Saturday, May 05, 2007

SEZs: Learning from China

This is continuation of my earlier posts on SEZs...

Economic & Political Weekly (April 28, 2007) has an interesting article about the SEZs in China. The learning from Chinese experience with SEZs is both instructive, and as the author points out, "frightening".

Here are some excerpts:

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Key differences with India’s policy often cited include the number of SEZs in China -ostensibly only six in total – the large size of Chinese zones and the fact that the government retains ownership over the land.... But this image of Chinese SEZs is both incomplete and, in many respects, simply incorrect. China has far more than six zones, they have by no means been an unqualified success, and they have brought about severe economic and social problems.

Economic Indicators

Even from the narrow perspective of economic indicators, Chinese zones have not had uniformly positive results... the investment in SEZs was driven by capital from Hong Kong, Macao and to some extent Taiwan; 88 per cent of the new ventures in the SEZs in the early 1980s were by investors from Hong Kong and Macao. By 1995, 96 per cent of Shenzhen’s textile industry and 95 percent of its garments industry were owned by Hong Kong investors. No such sources of convenient foreign capital exist for India....

Speculation and Land Loss

Perhaps the biggest concern about India’s SEZs is the potential for real estate speculation and loss of agricultural land. The Chinese experience on this is both instructive and frightening... by 1991 administrative allocation of land gradually gave way to property markets, with SEZs leading the way....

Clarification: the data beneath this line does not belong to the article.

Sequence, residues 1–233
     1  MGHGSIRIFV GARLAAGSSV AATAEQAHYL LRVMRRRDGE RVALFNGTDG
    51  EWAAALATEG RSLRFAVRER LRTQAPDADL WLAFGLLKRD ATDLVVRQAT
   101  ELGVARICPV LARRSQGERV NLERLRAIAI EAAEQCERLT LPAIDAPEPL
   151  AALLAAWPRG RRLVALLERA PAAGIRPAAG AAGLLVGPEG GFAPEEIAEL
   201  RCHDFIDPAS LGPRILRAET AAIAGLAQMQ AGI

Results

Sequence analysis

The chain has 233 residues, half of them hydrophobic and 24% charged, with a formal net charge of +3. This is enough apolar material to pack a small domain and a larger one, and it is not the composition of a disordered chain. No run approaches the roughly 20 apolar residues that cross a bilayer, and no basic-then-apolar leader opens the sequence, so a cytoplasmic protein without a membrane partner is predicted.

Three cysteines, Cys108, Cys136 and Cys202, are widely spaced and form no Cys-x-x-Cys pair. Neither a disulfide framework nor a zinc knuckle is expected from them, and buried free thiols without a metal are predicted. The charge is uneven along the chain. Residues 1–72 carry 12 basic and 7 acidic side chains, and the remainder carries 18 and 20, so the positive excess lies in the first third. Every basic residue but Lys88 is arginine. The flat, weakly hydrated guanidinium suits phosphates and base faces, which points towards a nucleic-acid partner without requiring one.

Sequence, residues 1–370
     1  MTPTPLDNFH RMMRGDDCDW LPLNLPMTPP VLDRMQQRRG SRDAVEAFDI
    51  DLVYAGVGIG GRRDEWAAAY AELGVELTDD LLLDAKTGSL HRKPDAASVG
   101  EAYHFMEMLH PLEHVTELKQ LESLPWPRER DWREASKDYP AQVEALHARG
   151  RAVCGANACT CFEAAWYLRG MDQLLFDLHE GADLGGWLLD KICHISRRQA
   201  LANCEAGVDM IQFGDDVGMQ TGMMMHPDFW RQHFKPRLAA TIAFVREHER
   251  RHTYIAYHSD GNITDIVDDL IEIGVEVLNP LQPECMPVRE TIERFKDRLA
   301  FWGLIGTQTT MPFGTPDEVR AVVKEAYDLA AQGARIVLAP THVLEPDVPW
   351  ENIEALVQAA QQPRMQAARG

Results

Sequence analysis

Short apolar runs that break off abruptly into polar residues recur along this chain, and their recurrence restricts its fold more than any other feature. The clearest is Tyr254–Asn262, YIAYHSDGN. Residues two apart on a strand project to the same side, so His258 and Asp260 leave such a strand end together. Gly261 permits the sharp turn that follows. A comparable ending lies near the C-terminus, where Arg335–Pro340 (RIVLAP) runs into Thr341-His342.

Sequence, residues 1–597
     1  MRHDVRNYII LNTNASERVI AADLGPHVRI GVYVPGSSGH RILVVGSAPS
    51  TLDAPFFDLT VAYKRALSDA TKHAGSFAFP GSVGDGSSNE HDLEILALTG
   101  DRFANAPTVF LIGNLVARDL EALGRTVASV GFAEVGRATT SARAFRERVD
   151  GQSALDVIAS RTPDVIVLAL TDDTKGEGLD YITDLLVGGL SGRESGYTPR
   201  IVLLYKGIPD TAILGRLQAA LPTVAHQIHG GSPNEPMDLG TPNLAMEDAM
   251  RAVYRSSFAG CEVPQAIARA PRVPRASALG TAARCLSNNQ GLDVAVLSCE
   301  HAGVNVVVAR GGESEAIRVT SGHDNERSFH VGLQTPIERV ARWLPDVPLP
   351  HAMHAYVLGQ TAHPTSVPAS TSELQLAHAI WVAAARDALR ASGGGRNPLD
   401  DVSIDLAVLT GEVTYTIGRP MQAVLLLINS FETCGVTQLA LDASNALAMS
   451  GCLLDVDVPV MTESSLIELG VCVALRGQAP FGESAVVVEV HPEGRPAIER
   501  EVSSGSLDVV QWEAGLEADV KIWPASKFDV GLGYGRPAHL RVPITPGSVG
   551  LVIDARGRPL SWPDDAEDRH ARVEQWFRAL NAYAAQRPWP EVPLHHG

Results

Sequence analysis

These markets are, in some respects, uncannily similar to those in India. In China, urban land belongs to the state and rural lands to the village commune, though families had been given individual contracts to their lands as part of the village commune reforms in the 1980s. Only urban land use rights could be transferred to private parties; rural land use contracts could be transferred only to the state, which then could change it to urban land and sell development rights on it. As the Chinese state swung in favour of big business, this system made farmers’ tenure insecure, especially in areas near expanding municipalities and within SEZs. Despite periodic revisions to the compensation standard, compensation for land acquisition was generally lower than the already low “market” value of these lands. Large-scale informal negotiations for land and administrative intervention also distorted the “market”...

The similarities with India’s land market are strikingly apparent. In China, this produced a speculative market in land rights with requisition by the state followed by rapid transfer through speculators... This large-scale transfer of land to developers was partly driven by “zone fever”, namely, the rapid multiplication of zones as a result of continual promotion of SEZs as models...

...The Hainan SEZ is a particularly striking example. In 1992, The Economist reported that Hainan was the “world’s biggest speculative bubble”; Hainan had “few industrial firms and little industrial output”.

"Everyone in Hainan has money to burn... Nobody any longer keeps track of the number of 30- and 40- storey office buildings being put up”, declared the magazine, stating that “This is not happening because anybody actually wants to use the space. Whole floors, indeed most floors, of the office buildings are empty, and practically none of the new flats and villas are lived in. What is going on? Speculation, almost pure and simple, and tax evasion.”